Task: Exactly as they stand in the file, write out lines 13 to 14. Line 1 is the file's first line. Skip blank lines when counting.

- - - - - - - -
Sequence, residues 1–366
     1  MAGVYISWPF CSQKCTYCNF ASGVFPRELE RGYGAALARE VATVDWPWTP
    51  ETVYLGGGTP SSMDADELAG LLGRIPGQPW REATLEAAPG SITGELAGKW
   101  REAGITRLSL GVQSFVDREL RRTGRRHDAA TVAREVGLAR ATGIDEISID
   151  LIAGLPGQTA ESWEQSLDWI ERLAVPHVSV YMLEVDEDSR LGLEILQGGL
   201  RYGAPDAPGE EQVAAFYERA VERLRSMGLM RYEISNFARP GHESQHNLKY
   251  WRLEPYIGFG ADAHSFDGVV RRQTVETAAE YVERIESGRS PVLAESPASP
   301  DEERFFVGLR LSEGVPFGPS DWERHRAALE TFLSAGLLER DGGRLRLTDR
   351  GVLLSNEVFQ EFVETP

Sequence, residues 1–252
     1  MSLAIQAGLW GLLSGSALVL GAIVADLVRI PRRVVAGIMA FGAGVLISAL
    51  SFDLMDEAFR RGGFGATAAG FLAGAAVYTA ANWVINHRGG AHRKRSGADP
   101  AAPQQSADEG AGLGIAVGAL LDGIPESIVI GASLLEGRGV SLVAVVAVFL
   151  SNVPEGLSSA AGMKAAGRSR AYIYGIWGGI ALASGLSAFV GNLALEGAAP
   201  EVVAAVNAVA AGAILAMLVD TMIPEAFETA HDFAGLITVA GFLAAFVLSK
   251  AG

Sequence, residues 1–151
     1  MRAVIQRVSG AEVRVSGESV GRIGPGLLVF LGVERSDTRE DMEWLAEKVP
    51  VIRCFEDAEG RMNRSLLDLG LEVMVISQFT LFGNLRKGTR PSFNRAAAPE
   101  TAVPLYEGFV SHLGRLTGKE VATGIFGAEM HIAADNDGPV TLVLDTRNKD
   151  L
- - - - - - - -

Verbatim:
   101  AAPQQSADEG AGLGIAVGAL LDGIPESIVI GASLLEGRGV SLVAVVAVFL
   151  SNVPEGLSSA AGMKAAGRSR AYIYGIWGGI ALASGLSAFV GNLALEGAAP